When I have time, I make chouquettes. I also made this brioche from Tartelette (while I am trying to make a nice brioche with my sourdough starter!!). It is a great alternative to cookies, it's different from bread and still goes very well with a little chocolate treat from Halloween. It's even better toasted for breakfast... but then again, if we eat it for breakfast, what am I going to bring for the goûterBon Appétit!

-  150 ml (5 Floz) whole milk (warm : 43-45 C (110-115 F))
-  280 g (9.87 oz) all purpose flour
- 1 pack of active yeast (7g)
- 1 egg
- 50 g (1.76 z) sugar
- 1/4 ts salt
- 15 ml (0.5 Floz) Orange Flower water
- 70 g (2.47 oz) butter at room temperature
- Pearl sugar for decoration
- egg wash: 1 egg beaten with 30 ml (1 Fl oz) milk

  • In a large bowl, combine flour, salt, yeast and sugar.
  • Add beaten egg and stirr
  • Pour warm milk and mix well
  • Add orange flower water
  • Add butter, one tablespoon at a time.
  • Transfer dough into a lightly oiled bowl
  • Cover with a table cloth and let raise for about 1 hour
  • When ready to bake the brioche, cover a baking sheet with parchment paper
  • Use flour to scoop small balls of dough. Place them on the parchment paper and use water to smoothen them. Let rest for 30 minutes
  • Pre-heat oven to 175C (350 F)
  • Combine milk and egg to make egg wash and brush on top of brioche
  • Add pearl sugar (push it into the dough)
  • Cook in the oven for  20-30 minutes or until golden brown. 

My Personal Comments

  • This brioche, also called Brioche des Rois, is very common in the South of France around Epiphany, when most French people eat Galette des Rois
  • You could add candied fruits on top/in the brioche but since I am not a big fan I don't use them much
  • You could make small balls for individual servings!

Sunday, November 7, 2010

Chou Rouge Râpé - Shredded Red Cabbage

If you ever ate a few lunches in a French cantine (or with a French family), chances are that you were served du chou rouge râpé. More than once. Together with carottes râpées or a salade de betteraves, chou rouge râpé is a pillar of French crudités, especially in the Fall and Winter when other vegetables such as cucumbers or tomatoes are off season.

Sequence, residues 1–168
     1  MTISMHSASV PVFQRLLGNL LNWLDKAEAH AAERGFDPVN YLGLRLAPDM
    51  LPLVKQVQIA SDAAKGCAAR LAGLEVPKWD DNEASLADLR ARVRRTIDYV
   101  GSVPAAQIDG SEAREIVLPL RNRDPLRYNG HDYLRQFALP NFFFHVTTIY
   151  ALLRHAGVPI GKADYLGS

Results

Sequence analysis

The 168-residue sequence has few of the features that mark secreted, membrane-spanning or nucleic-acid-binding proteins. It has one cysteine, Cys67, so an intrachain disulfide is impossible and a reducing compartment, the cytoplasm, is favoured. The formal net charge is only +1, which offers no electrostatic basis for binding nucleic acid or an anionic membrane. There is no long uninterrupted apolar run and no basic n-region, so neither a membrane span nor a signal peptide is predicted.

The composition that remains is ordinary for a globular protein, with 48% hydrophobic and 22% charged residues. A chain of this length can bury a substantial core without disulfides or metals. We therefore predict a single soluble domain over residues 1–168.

Interestingly enough, French people don't eat much cooked chou rouge whereas they will eat a lot of sauerkraut in the traditional choucroute. I have personally never made a recipe calling for cooked red cabbage (I know, I have to work on a borscht recipe) but enjoyed it the few times I ate it at friends' or in restaurants (yeah, I am the kind of person who would order cooked red cabbage!!)
Since I have had too much chou rouge râpé growing up, I have not been serving it much to my children. One day though, I found a nice chou rouge and decided that it was high time for my children to be introduced to what is a pillar of French cuisine. Since they like carottes râpées and coleslaw, I figured that it would be relatively easy to have them try du chou rouge. But because I was anticipating some resistance, I mixed it up with carottes râpées. And like for my carottes râpées, I used the finest blade I had on my food processor so as to achieve a very thin, easy to chew, consistency. I served it with a vinaigrette, traditional French dressing for crudités. The verdict? Well, it was not a franc succès but my kids did eat more than the required "try-spoon".
Because cabbage season is in full blast now, I am likely to serve them chou rouge râpé again soon. I like it more today than when it was served to us in the cantine... so hopefully my kids will get to like it as well. But no matter how much I would like to start cooking chou rouge, I think that I'll take the path of least resistance and keep with its raw version for the time being. At least with my kids. And even if kids are more likely to eat colored vegetables, between red and white, I'd rather see them enjoy sauerkraut! It will be a more useful taste to have for our future trips to France! Same with chou rouge râpé! So if you are planning a trip to France with your kids, even 10 years down the road, start feeding them chou rouge râpé today! Bon Appétit!